Most people assume that a career in procurement is all about cutting costs and slashing budgets. This perpetuates the misconception that procurement is It seems like a field where there is absolutely no room for creativity. However, this narrative is not only untrue, but can actually hurt the success and innovation of an organization.
In order to understand how a procurement department can be a source of innovation for a company, the idea that a procurement department exists solely to save a company money must be changed. A procurement department should be in charge of making sure money is spent wisely, rather than keeping money from being spent. For example, a procurement executive at Google found a way to bring internet to areas without access to it in the wake of a natural disaster. His innovative spirit saved Google money on the project while also creating good publicity and doing a great deed for many people in a desperate time.
By acting as a facilitator between a company’s internal and external innovators, a procurement department has the opportunity to bring practical, cost-effective results to a project. Beyond saving money, procurement uses creative processes to a business or organization by opening the door to new partnerships, business deals, and projects an organization might not find otherwise.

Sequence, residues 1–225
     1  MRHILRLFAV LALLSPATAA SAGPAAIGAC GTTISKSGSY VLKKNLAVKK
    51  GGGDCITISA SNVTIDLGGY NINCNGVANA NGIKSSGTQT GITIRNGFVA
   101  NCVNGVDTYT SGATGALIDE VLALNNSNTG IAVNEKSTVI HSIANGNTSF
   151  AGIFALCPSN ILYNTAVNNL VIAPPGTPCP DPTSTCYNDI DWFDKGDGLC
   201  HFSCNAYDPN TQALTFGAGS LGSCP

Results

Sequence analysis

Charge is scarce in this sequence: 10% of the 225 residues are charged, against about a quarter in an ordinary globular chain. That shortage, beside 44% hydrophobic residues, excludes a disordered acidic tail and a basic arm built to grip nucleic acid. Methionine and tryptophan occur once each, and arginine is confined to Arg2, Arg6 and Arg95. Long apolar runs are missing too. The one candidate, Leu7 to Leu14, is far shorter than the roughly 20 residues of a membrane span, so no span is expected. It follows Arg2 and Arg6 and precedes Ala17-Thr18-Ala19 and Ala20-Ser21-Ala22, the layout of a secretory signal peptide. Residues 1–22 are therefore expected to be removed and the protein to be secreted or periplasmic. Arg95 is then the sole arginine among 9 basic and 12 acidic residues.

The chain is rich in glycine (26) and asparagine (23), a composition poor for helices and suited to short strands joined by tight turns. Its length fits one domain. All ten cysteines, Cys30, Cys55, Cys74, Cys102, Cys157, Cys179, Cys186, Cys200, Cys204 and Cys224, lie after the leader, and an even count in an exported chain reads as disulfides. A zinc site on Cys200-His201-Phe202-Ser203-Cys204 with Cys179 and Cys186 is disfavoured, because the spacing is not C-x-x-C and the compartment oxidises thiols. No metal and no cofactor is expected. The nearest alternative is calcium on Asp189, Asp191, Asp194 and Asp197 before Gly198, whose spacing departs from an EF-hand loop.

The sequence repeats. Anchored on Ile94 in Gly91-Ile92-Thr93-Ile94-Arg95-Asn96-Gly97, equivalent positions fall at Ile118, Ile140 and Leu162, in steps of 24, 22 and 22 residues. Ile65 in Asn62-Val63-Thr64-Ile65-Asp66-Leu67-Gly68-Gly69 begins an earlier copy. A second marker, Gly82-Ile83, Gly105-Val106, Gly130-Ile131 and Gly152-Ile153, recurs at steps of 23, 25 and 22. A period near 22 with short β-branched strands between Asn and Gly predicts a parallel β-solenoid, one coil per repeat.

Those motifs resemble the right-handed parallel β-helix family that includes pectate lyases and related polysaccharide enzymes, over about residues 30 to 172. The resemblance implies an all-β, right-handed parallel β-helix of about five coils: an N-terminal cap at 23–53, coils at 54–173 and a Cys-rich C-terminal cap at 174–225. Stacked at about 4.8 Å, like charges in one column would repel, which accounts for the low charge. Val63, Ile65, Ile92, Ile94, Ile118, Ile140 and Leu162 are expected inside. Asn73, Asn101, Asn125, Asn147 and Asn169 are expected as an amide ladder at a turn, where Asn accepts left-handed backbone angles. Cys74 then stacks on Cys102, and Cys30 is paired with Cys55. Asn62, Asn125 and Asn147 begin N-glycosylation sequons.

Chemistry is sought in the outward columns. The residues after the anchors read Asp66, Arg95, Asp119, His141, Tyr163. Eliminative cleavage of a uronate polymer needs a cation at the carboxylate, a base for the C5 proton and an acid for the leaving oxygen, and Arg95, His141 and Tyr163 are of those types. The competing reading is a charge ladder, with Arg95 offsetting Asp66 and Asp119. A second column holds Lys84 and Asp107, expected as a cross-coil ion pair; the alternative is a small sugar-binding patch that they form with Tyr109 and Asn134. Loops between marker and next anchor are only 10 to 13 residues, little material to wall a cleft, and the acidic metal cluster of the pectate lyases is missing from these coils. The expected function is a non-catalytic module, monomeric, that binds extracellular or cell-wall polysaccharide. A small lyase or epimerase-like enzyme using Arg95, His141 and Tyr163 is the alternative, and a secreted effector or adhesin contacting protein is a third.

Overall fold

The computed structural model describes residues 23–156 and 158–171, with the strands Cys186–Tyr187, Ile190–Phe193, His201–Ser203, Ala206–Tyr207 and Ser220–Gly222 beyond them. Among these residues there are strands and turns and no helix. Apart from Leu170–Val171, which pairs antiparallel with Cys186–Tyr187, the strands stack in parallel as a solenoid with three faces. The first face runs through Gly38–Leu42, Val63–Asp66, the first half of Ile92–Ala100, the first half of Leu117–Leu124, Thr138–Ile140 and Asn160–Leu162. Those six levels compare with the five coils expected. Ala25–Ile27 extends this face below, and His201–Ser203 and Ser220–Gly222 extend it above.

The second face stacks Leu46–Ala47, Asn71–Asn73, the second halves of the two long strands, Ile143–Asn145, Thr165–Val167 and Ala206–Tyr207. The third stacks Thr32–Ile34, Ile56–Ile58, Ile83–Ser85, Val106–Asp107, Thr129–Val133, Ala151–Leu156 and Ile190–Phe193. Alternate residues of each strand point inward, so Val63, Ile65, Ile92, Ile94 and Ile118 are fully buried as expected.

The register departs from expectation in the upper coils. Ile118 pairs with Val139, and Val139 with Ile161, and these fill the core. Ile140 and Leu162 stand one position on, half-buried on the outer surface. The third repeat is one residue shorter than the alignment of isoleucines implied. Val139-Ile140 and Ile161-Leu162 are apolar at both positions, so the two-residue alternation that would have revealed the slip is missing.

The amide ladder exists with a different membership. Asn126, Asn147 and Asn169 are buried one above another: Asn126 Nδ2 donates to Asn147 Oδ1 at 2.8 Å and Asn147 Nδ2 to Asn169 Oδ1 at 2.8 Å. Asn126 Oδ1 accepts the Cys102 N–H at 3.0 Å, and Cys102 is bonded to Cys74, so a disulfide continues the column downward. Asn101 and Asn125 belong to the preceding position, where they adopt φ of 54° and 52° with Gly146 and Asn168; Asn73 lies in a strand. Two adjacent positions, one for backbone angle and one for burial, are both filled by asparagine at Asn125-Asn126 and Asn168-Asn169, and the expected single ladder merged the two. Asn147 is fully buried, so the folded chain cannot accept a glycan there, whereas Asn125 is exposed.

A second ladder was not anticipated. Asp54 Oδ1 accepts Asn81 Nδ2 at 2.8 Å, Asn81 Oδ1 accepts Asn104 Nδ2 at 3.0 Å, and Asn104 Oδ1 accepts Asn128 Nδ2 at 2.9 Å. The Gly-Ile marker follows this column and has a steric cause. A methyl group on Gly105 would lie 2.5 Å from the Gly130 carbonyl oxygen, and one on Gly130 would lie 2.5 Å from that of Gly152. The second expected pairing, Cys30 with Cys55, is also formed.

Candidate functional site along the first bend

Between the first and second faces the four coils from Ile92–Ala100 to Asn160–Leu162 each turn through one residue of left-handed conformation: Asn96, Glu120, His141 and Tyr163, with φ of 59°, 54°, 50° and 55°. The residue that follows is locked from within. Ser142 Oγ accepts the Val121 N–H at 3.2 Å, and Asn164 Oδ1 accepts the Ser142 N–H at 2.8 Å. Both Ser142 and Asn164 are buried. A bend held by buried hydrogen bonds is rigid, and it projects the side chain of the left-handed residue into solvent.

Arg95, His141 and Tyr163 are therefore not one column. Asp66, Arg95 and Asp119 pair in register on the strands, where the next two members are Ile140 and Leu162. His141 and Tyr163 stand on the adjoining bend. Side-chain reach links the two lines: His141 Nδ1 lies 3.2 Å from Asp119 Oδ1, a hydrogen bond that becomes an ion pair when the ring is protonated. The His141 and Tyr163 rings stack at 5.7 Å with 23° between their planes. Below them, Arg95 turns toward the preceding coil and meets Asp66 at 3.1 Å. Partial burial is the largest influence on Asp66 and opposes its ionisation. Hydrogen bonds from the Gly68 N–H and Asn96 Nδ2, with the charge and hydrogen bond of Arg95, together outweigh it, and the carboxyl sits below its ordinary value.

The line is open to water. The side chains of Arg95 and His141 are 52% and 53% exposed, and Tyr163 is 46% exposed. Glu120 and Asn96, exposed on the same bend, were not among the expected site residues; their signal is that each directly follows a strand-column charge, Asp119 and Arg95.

In recent years, procurement departments all over have been focusing their spending on sustainability. This includes making sure that the supplies in an office will last an appropriate amount of time as well as making sure the products your consumer receives are sustainable. It is critical that your procurement executives can trend forecast, meaning that they must be able to foresee the next major social trends in order to make the proper decisions to keep your brand up-to-date and relevant.
If your procurement department is not producing innovative projects or results, it could be because they are stretched too thin managing the large number of suppliers your company has. On average, 20% of a company’s budget is spent on small, infrequent purchases, otherwise known as tail spend. Optimize tail spend and gain control of that 20% so your procurement department can focus on innovation and creativity.